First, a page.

Millennial Minds: He Quit His Finance Job To Start Successful Dog Walking Business

Cara Kovacs
Cara Kovacs is a writer, blogger, and stylist who's work has been published across most mediums on topics ranging from fashion and beauty to sex and relationships as well as travel and food. An expert on being 20-something, she enjoyed Soul Cycle, kale salads, and corgis.

The current economic climate, as well as the changing nature of the job market and the influence of the World Wide Web, has forced millennials to be quick and creative thinkers when navigating how to build their careers post-college. The stories of those among us who have truly thought outside of the box to find their success are both important and inspiring. In case you missed the first installation in our new series highlighting our awesome peers, take a look back here.

Today you will hear the story of Chris Turi, a former professional basketball player whose quick stint in finance inspired him to build a life for himself doing something most of us view as a pleasant leisure activity. Turi started Bark Ave, an Upper East Side-based dog walking business, in 2010. This was during the peak of the job market crisis, when walking away from a cushy corporate gig to start your own company was a massive risk. Today, five years later, Bark Ave has opened two locations flanking Central Park and has over 170 clients.
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Turi gave us the gift of not only his story, but tips for being your own boss and building a successful business from the ground up.

Post-college Chris Turi was touring Europe as a professional basketball player when a career-ending injury forced him to reevaluate his trajectory. He moved to New York, became a stock broker, and quickly resigned himself a being chained to a desk for 12 hours a day making cold calls to client after client. His work load was so crippling that he didn’t even have time to come home and walk his dog. However, when Turi began to look for a reputable walker, his search appeared a bit fruitless, with many companies walking dozens of dogs at once, providing little thought to the quality of care to the animals.

One day at the dog park Turi met a woman who happened to be nearing retirement from the dog walking business. Unhappy at work and a natural dog-lover with a lifetime of training experience, Chris’ meeting with her sparked an idea that would eventually become his livelihood. What appeared to be a happy accident was the catalyst that let Turi take a leap of faith to quit his finance job and start Bark Ave. Starting small, Chris bought a heating gun at the local hardware store and carved the company name and website into tennis balls. He would leave them in dog parks across the Upper East Side. Owners would play fetch with these unique ads and reach out to him.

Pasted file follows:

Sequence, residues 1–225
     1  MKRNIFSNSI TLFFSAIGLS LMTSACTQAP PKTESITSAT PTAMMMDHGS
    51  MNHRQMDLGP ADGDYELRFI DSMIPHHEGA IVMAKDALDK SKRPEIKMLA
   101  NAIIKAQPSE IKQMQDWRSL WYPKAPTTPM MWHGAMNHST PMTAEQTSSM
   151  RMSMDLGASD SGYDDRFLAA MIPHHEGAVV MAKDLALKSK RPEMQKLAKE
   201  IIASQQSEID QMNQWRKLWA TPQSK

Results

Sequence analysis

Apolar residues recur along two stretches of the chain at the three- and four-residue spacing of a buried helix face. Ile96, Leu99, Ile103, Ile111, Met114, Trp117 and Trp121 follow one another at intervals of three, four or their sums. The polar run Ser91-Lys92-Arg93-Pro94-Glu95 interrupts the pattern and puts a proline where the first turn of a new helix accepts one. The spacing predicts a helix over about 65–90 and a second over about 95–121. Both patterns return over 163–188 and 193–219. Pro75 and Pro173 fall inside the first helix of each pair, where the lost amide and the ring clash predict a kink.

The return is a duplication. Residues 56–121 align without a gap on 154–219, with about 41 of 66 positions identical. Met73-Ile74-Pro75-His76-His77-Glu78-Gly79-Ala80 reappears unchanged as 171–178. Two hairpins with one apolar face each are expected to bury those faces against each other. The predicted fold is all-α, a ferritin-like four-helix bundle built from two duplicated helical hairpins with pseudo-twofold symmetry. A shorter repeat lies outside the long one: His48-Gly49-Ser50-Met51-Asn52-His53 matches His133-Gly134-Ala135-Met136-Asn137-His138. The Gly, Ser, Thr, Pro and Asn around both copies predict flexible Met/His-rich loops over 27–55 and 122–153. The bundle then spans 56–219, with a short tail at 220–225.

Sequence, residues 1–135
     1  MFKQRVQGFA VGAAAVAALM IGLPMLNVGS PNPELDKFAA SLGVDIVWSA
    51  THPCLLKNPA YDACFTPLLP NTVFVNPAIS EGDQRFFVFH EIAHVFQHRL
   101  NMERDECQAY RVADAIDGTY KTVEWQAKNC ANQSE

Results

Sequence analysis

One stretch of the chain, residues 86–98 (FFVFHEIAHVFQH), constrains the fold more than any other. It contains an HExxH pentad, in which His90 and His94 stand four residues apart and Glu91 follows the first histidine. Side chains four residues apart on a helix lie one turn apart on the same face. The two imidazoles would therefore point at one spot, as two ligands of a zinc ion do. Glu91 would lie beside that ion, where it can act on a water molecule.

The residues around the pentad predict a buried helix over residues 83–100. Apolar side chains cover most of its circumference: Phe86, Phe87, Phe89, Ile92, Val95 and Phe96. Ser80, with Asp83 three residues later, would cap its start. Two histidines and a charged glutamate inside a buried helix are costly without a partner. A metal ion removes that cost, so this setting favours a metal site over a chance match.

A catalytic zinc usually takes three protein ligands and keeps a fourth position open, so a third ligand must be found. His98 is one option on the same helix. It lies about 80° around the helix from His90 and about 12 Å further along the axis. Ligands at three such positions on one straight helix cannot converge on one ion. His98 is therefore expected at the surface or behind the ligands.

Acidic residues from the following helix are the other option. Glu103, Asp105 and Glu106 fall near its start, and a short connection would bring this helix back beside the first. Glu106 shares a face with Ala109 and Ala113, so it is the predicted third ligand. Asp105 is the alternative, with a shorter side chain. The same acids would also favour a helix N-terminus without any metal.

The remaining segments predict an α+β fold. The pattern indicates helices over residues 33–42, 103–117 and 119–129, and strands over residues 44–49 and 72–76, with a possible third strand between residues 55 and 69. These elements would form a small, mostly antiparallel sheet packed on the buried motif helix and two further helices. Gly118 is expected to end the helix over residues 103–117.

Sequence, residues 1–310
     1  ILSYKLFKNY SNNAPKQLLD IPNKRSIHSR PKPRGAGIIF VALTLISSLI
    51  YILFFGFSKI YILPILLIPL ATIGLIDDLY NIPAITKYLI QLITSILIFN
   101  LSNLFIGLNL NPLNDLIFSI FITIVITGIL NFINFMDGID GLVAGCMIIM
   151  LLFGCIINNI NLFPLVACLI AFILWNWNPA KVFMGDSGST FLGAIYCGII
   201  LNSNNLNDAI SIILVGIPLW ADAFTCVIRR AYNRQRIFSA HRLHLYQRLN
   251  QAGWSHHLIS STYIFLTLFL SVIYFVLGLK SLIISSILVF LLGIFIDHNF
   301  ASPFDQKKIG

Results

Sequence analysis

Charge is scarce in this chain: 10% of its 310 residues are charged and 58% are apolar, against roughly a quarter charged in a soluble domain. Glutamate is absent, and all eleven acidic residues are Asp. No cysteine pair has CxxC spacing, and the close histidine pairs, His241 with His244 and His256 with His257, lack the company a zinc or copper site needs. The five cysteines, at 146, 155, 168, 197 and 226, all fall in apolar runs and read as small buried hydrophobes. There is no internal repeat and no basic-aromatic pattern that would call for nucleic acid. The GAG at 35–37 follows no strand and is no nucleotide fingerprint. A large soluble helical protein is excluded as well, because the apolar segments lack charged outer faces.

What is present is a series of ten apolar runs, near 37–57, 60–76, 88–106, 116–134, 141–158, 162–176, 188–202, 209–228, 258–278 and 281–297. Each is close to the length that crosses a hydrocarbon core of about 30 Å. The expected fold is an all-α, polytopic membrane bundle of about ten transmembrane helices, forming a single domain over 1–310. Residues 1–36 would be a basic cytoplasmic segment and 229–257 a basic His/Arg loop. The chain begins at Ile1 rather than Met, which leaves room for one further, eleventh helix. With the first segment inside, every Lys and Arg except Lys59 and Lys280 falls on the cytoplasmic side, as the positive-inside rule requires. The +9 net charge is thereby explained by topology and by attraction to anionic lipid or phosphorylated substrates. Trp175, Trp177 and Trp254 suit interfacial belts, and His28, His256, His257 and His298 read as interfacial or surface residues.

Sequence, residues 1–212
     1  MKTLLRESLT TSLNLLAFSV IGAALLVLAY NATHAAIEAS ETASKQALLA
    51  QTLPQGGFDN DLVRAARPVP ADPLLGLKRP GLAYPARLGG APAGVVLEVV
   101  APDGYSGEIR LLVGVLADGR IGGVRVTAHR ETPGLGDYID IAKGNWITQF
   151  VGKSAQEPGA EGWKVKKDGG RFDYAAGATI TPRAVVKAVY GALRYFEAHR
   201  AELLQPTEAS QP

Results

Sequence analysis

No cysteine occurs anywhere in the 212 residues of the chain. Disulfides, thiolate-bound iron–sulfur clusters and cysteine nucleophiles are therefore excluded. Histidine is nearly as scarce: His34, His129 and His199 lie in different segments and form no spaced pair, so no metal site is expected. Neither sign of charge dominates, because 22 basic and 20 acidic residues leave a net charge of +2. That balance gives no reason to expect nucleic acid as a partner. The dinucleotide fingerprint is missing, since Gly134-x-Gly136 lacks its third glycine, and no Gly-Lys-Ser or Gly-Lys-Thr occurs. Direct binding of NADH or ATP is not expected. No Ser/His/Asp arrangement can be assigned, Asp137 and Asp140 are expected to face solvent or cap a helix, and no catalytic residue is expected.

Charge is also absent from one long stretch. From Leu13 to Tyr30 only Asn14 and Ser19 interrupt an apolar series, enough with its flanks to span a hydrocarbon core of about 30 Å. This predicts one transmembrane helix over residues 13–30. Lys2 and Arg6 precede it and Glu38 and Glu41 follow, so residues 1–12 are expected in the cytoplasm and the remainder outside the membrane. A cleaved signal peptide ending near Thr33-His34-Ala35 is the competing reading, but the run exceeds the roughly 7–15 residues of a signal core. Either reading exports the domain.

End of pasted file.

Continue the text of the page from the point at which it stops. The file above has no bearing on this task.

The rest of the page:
yayaIn the past five years Turi has grown his company from a name on some tennis balls to a partnership with his best friend and a brick and mortar doggy day care. Though he warns that being a business owner means being on-call 24 hours a day, it also provides him the freedom to travel and schedule his own life as he pleases. He provides budding business owners with the following nuggets of advice:

If you pursue a business endeavor, make sure you have passion for it. Without passion, there won’t be success. Also, if you currently have a stable income then continue to work in your day job until your business has sufficient income to leave. (Lastly,) If you start a business with a partner make sure you know him/her very well. I started the business with my childhood best friend and have the most utmost respect for him. The reason he was a great addition was because I knew I wanted the ability to take vacations (or a break) if need be, and vice-versa.

Chris also warns about doing your research and being preemptive with your business as it grows: 

“One difficult aspect I quickly learned was to hire professionals for anything you don’t quite understand. As your business grows you’ll need lawyer(s) and accountant(s) to help you with either legal jargon or taxes. Another was hiring trustful employees. When we started the business (Dillon, my business partner and I) we did all of the walking ourselves. With time we grew quickly and needed to hire additional help. We decided to begin rigorous background check and anyone whom applied, and we ended up coming up with great results.”

It goes without saying that Chris had the determination and creativity to push his business from concept to success, and that it is the hiccups and hurdles on this path that dissuade a lot of nervous 20somethings from running with their ideas in a similar way. Easier said than done, just making the attempt is the first step. Chris said that the paperwork for Bark Ave took only a few short weeks, and that today with the use of social media and the internet, overhead costs for starting a new business are relatively minimal depending on the concept. Arming yourself with the proper knowledge of where to begin, as well as being determined can help you escape your desk job, too. For more resources for starting your own business check out Legal Zoom, the ultimate resource for navigating business procedures no matter where you live!

Stories like Chris’ are amazing, but also a lot more common than you may expect. Make sure to follow along with the Millennial Minds series to read about more quick-ass millennials! If you or someone you know may be a good feature, please e-mail the author at [email protected]

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